Perhaps the most memorable thing about the Tulo trade was its timing. The tremor sent shock waves throughout the baseball universe, and produced a chain reaction tsunami that thrusted the Jays into an immediate 14-1 streak during the first 15 games after Tulo first donned a Toronto uniform. Whether or not Tulo was the wave itself or just a piece of debris that came riding in on it will always be up for debate, but it’s pretty clear the trade represents a line of demarcation from the club being a wallflower floating around .500 and stumbling down a path to missing the post season for the 22nd straight time, and the Jays instantaneously morphing into the loudest and most exciting team in baseball that ultimately culminated in the most exciting seventh inning in MLB history.

Tulo’s biggest contributions during this stretch were his defense, and the confidence he instilled in the pitching staff each time he made a miraculous play to turn a hit into an out. He did not make a single error for nine months after he was traded (not hyperbole). Anything hit near him literally turned into an automatic out.

Shortstop went from a defensive horror show starring Jose Reyes to a position of production and energy overnight. It wasn’t just the fact that Tulo generated more defensive runs saved in a mere 39 games than everybody on the 2015 Blue Jays other than Kevin Pillar, Josh Donaldson or Ryan Goins did for the entire season, it was also the way he was doing it. As someone who was used to watching Tulo make his patented spin moves and jumps throws on a nightly basis, it was a treat to watch a blizzard of amazed comments pop up in the games threads every time he executed a move people hadn’t seen before. Even more importantly, the reaction of the crowd in Rogers Centre every time he made one of those plays was unmistakable. This, like so many other things that went right during the second half of 2015 for Toronto, helped turned the atmosphere inside to dome into something special enough that it probably made thousands of new, young, lifetime Blue Jays fans.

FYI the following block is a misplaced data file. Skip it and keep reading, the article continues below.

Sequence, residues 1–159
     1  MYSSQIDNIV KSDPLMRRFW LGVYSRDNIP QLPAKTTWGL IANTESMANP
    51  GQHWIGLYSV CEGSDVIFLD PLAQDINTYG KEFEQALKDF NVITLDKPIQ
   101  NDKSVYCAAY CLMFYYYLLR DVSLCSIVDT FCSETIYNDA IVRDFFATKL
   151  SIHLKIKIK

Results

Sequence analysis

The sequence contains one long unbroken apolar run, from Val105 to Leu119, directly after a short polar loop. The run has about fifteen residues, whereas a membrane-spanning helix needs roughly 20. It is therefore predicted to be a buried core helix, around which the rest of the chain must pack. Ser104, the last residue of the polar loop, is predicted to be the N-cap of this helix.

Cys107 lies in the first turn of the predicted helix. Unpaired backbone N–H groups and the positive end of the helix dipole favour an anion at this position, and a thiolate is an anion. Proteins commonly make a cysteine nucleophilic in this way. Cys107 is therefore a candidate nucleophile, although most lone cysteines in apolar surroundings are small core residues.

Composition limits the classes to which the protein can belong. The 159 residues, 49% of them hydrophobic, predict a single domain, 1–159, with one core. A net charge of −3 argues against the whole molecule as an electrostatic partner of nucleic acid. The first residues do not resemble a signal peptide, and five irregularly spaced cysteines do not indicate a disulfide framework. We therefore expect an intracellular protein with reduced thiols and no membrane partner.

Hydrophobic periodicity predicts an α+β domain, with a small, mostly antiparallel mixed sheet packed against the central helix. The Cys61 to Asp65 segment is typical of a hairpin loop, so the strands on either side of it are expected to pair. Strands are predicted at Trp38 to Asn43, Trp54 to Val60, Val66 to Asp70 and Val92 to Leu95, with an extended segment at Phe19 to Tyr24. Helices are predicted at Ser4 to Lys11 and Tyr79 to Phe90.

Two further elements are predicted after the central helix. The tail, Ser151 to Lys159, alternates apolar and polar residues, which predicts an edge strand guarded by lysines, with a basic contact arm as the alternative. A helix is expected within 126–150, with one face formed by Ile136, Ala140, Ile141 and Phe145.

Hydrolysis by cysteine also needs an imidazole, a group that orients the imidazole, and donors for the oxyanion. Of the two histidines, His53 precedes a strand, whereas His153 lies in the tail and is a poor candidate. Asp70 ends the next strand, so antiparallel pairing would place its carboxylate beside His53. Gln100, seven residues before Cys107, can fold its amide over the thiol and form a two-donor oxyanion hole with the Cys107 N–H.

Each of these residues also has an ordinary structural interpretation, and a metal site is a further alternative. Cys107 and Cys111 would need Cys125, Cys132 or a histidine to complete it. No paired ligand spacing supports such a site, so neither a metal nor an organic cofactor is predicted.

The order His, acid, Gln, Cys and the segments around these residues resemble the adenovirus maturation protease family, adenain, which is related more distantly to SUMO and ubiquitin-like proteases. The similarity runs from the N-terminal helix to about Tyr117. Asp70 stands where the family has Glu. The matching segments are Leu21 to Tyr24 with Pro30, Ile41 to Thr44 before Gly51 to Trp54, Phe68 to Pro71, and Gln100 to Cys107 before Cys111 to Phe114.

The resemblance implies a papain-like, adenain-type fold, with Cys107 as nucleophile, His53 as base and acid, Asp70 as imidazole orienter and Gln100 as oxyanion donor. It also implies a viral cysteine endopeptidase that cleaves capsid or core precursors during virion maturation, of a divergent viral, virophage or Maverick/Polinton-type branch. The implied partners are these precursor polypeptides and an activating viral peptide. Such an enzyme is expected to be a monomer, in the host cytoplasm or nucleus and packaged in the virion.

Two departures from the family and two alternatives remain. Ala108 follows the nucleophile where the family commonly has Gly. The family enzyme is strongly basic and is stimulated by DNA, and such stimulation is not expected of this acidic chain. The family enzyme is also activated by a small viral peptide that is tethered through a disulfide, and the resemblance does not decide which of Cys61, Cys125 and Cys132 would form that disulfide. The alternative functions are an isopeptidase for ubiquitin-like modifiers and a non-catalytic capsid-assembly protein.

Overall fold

Offensively, there was much less to celebrate as his hip surgery from 2014 robbed most of the thunder in his bat, but there were two pretty key moments that stood out for me. One was in Game 3 of the 2015 ALDS. Tulo came to the plate with two out and two on in the top of the sixth inning of a 2-0 tussle and the Jays one loss away from elimination. They were leading, but Chris Colabello had just grounded into a crippling 1-2-3 double play with the bases loaded. It was the fourth consecutive inning the Jays had grounded into a double play, and they were one out away from turning what by that point should have been about an 8-0 lead into a white knuckle affair with Marco Estrada reaching the end of his rope and the bullpen taxed from the 14-inning marathon in Game 2.

And then ... BOOM!!! Three-run home run from Tulo. That 2-0 lead becomes a 5-0 lead, Tulo posts a .235 WPA for the game, and the Jays play loose for rest of the series. They won the game 5-1, so perhaps they didn’t need the jolt, but do you really want to see how that game might have played out with the Jays stuck on two runs? Just imagine: If they lose here, there’s no Game 5, no Bautista bat flip, no single defining moment of fandom for a whole generation of Blue Jay fans.